An interesting thing happened during my climb up Bear Butte. I was nearing the top. The trail had become merely rocks—one stumble and I’d tumble to my demise. At this point my dizziness was so strong it muted all thought. My only focus was on each step: my commitment to reaching the top. But then as I rounded the bend, something happened. I heard words—a child singing. I recognized the voice instantly. It was my own.  “The pioneer children sang as they walked, and walked, and walked…” Raised as a Mormon until a family-wide religious fissure at the age of fourteen, the primary song describing my ancestors’ trek across the plains to Salt Lake City was embedded into my childhood. Still, I hadn’t heard or thought of the song in nearly a decade. And yet there I was, mind spinning as I hiked Bear Butte in South Dakota for an indigenous religious studies course, and I was hearing my childhood voice sing the Mormon song in my head. I didn’t think anything of the mantra at the time. I simply continued to climb, the chorus feeding every step, my inner child encouraging me to the peak. The pioneer children sang as they walked and walked and walked. I’m not sure if I would’ve made it to the top of the butte without the song.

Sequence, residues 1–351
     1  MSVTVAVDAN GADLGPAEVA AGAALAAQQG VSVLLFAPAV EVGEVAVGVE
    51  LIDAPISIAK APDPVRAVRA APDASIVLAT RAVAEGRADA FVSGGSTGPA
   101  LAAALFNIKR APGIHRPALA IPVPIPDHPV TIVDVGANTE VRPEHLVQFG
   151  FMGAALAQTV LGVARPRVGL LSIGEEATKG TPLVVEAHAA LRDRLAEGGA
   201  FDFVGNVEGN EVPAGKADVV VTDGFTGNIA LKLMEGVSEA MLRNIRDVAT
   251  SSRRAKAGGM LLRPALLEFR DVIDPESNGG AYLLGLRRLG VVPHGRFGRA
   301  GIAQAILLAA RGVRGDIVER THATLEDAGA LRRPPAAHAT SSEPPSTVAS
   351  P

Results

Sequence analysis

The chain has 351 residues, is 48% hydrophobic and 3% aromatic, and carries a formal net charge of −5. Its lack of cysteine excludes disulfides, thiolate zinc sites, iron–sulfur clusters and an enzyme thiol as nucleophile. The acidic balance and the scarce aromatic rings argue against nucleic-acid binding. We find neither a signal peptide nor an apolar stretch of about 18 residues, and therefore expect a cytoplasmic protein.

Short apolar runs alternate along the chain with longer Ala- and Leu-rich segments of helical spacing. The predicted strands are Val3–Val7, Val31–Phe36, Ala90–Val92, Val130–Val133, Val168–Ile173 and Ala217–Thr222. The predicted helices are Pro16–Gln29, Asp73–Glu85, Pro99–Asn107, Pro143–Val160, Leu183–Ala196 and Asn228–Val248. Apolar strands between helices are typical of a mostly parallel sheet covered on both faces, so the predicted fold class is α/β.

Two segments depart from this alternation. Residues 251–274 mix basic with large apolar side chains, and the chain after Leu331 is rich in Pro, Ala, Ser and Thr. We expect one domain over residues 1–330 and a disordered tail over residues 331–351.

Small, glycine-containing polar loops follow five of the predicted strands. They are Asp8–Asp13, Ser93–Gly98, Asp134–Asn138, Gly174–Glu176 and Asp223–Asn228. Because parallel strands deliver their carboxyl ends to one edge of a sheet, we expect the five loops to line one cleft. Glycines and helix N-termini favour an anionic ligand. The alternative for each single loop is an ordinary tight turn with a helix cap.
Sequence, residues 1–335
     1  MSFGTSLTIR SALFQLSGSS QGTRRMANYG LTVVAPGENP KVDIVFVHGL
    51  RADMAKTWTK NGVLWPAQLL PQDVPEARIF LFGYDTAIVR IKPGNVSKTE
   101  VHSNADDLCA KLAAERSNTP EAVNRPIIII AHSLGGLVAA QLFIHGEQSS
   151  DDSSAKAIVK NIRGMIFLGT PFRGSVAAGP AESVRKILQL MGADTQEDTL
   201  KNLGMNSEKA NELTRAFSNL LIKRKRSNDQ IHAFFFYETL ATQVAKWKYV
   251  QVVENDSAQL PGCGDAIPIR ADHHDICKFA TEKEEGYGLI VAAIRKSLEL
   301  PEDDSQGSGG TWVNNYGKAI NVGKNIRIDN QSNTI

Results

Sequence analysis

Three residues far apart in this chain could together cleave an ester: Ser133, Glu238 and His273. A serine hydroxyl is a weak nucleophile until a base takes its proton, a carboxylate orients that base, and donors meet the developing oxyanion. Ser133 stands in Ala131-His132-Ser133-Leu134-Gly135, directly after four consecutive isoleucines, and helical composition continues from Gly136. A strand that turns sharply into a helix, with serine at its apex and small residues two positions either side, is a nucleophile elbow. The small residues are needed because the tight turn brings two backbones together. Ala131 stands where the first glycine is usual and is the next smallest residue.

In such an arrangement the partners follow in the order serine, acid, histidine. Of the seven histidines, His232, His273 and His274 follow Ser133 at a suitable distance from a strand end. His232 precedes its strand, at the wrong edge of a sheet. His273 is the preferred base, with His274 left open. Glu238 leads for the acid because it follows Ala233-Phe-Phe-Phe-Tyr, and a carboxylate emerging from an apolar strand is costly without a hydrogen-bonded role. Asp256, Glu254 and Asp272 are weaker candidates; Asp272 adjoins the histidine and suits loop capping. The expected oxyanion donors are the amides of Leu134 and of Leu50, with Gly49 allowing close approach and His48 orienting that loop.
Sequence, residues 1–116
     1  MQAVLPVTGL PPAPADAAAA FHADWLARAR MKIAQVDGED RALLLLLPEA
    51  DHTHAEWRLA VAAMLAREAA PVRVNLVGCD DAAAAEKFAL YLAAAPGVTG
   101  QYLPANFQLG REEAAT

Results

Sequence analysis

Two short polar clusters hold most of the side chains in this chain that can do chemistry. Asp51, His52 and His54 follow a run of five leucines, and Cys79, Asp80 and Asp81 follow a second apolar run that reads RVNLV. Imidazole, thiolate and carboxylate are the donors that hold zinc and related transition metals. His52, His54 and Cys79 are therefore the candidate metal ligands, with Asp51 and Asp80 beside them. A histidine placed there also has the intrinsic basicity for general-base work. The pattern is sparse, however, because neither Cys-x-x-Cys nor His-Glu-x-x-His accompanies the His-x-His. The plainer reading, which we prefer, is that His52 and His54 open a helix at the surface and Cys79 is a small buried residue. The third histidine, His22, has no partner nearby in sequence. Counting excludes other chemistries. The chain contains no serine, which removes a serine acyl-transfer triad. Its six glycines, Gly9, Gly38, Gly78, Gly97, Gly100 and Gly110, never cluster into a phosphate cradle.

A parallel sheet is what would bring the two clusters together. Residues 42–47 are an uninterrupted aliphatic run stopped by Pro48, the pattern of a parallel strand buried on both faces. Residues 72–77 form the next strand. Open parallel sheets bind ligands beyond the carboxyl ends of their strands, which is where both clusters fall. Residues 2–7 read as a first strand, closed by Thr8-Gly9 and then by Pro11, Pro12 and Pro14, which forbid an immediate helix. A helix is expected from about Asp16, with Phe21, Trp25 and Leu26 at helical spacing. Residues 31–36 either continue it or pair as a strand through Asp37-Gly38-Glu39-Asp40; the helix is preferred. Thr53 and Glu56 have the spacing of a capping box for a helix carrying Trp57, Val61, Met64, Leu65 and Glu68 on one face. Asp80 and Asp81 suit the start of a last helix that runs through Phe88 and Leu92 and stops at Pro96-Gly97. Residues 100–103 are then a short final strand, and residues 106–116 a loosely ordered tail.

I haven’t considered myself a member of the Church of Jesus Christ of Latter Day Saints in over eight years and I have no intention to ever return to its teachings, but I can’t help but wonder if being in a place as sacred as Bear Butte, with its heavy ritualistic histories and claimed power, and having as great as a reaction as I did, offered me the chance to recognize my past spiritual history, thus allowing my inner Mormon child to sing me up to safety. I suppose Smith would argue that I chose to make the (accidental) memory into something miraculous, but then, I think maybe I’d agree. Regardless though of the how and the why and whatever framework one uses to analyze my trek up Bear Butte, it was a profoundly transformative experience. Does it really matter if the ritual was made sacred through the context of the butte’s ritualistic condition? Sacredness relies on human interpretation; so when it comes down to it, perhaps we just ought to listen to how humans interpret what they’ve experienced.

Heather Ezell, November 2012

Works Cited

Forbes-Boyte, Kari. “Respecting Sacred Perceptions: The Lakotas, Bear Butte, and Land-Management Strategies.” The Public Historian 18.4 (1996): 99-117. Print.

Smith, Jonathan Z. “The Bare Facts of Ritual.” Imagining Religion: From Babylon to Jonestown. Chicago: University of Chicago Press, 1982. Text.